In another busy week for the Ohio Senate, my colleagues and I addressed several issues that were identified as concerns by our constituents. As a result, we succeeded in passing protections for Ohio homeowners, ensuring solvency of the Ohio State Highway Patrol Retirement System, and raising awareness of critical health issues.
Sponsored by State Representative Jeff Rezabek (R-Clayton), House Bill 52 will protect Ohioans, particularly our elderly population, from deceptive marketing practices. This legislation will require companies to include information that makes it clear to homeowners that they are not required to have a copy of a deed to their home, and if they wish to have one, they can obtain a copy from their county recorder for a nominal fee. This is one additional step the legislature is taking to ensure that the citizens of our state are protected from consumer schemes.

Ohio State Highway Patrol officers dedicate their careers to ensuring the safety of Ohioans on the roads and in their local communities. The Ohio State Highway Patrol Retirement System was in need of significant changes to maintain its solvency and fiscal health. This week I co-sponsored House Bill 362, sponsored by Representatives Rick Carfagna (R-Genoa) and Daniel Ramos (D-Lorain), which will ensure the State Highway Patrol Retirement System will continue to provide retired officers the benefits they earned during their service to our state. The bill passed with unanimous support in both chambers of the General Assembly.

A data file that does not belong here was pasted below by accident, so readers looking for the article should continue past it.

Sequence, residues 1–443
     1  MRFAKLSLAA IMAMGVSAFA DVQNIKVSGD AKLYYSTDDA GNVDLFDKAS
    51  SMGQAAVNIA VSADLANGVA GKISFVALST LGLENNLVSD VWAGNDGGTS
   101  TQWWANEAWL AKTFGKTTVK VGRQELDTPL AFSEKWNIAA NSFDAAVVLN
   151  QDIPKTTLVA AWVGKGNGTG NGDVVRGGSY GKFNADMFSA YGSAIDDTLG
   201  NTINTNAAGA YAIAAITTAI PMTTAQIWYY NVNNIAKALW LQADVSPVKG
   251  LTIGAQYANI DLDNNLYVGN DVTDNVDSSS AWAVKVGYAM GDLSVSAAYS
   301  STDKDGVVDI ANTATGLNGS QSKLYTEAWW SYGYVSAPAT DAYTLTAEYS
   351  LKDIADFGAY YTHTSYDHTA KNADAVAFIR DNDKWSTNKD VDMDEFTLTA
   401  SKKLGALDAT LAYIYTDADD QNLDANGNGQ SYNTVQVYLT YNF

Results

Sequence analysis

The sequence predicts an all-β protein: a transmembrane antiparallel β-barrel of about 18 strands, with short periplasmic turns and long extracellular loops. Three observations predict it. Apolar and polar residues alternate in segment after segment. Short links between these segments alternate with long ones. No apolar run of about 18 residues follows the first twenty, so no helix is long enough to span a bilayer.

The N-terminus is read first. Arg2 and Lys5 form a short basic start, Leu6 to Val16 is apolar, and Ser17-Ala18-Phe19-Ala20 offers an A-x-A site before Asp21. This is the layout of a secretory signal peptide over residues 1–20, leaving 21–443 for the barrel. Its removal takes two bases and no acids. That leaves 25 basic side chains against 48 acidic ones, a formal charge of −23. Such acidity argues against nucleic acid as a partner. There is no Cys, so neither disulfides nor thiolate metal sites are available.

I was proud to also support House Bill 252, which designates January as “Blood Donor Awareness Month.” The American Red Cross estimates that 38 percent of the U.S. population is eligible to give blood, however, less than 10 percent actually choose to donate. Approximately 36,000 units of red blood cells are needed every day to treat patients in the United States, with someone needing blood every two seconds. House Bill 252 will help raise awareness of the need for blood donations and will hopefully encourage more people to make donating blood a priority.
I am committed to taking care of Ohio's most vulnerable populations, which is why I was proud to vote to designate June as Congenital Cytomegalovirus (CMV) Awareness Month. CMV is a serious infection that is found in newborn babies. It can cause a wide range of health problems including hearing and vision loss, intellectual disability, small head size and seizures. While the disease is treatable when identified within the first three weeks after birth, it can also be prevented by raising awareness on steps that can be taken to stop the spread and transmission of the infection. 
As the Ohio Senate kicks off another full week, I will continue to make your priorities my main concern, and I welcome your feedback and opinions at any time. Please do not hesitate to contact me by calling (614) 466-0626, emailing, or by writing me at 1 Capitol Square, Columbus, Ohio 43215. 


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COLUMN: Improving Ohio's Criminal Justice System, "Save The Crew" And Addressing Shared Priorities


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COLUMN: Protecting Victims Of Dating Violence, Neurofibromatosis Awareness And Serving Ohioans


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